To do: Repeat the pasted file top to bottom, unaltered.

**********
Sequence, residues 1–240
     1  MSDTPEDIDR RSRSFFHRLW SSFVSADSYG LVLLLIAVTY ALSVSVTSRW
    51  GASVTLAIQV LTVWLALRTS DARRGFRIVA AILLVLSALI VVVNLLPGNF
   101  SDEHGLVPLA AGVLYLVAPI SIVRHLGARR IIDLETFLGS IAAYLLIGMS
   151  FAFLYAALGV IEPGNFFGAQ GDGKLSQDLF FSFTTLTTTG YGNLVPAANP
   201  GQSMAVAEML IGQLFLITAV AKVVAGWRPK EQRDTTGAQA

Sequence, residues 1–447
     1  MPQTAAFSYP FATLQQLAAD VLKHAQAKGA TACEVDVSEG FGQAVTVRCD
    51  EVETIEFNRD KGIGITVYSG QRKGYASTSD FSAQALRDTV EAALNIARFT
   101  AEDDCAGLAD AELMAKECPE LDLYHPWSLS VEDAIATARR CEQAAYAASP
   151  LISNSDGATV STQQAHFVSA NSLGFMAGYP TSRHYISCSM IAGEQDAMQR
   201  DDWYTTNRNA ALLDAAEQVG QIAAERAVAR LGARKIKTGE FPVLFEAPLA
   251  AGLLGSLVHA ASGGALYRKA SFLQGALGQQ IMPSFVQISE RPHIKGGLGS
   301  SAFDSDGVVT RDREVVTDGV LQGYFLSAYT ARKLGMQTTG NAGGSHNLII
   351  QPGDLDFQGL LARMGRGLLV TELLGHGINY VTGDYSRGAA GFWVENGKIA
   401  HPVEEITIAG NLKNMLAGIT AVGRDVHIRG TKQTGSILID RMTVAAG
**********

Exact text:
Sequence, residues 1–240
     1  MSDTPEDIDR RSRSFFHRLW SSFVSADSYG LVLLLIAVTY ALSVSVTSRW
    51  GASVTLAIQV LTVWLALRTS DARRGFRIVA AILLVLSALI VVVNLLPGNF
   101  SDEHGLVPLA AGVLYLVAPI SIVRHLGARR IIDLETFLGS IAAYLLIGMS
   151  FAFLYAALGV IEPGNFFGAQ GDGKLSQDLF FSFTTLTTTG YGNLVPAANP
   201  GQSMAVAEML IGQLFLITAV AKVVAGWRPK EQRDTTGAQA

Sequence, residues 1–447
     1  MPQTAAFSYP FATLQQLAAD VLKHAQAKGA TACEVDVSEG FGQAVTVRCD
    51  EVETIEFNRD KGIGITVYSG QRKGYASTSD FSAQALRDTV EAALNIARFT
   101  AEDDCAGLAD AELMAKECPE LDLYHPWSLS VEDAIATARR CEQAAYAASP
   151  LISNSDGATV STQQAHFVSA NSLGFMAGYP TSRHYISCSM IAGEQDAMQR
   201  DDWYTTNRNA ALLDAAEQVG QIAAERAVAR LGARKIKTGE FPVLFEAPLA
   251  AGLLGSLVHA ASGGALYRKA SFLQGALGQQ IMPSFVQISE RPHIKGGLGS
   301  SAFDSDGVVT RDREVVTDGV LQGYFLSAYT ARKLGMQTTG NAGGSHNLII
   351  QPGDLDFQGL LARMGRGLLV TELLGHGINY VTGDYSRGAA GFWVENGKIA
   401  HPVEEITIAG NLKNMLAGIT AVGRDVHIRG TKQTGSILID RMTVAAG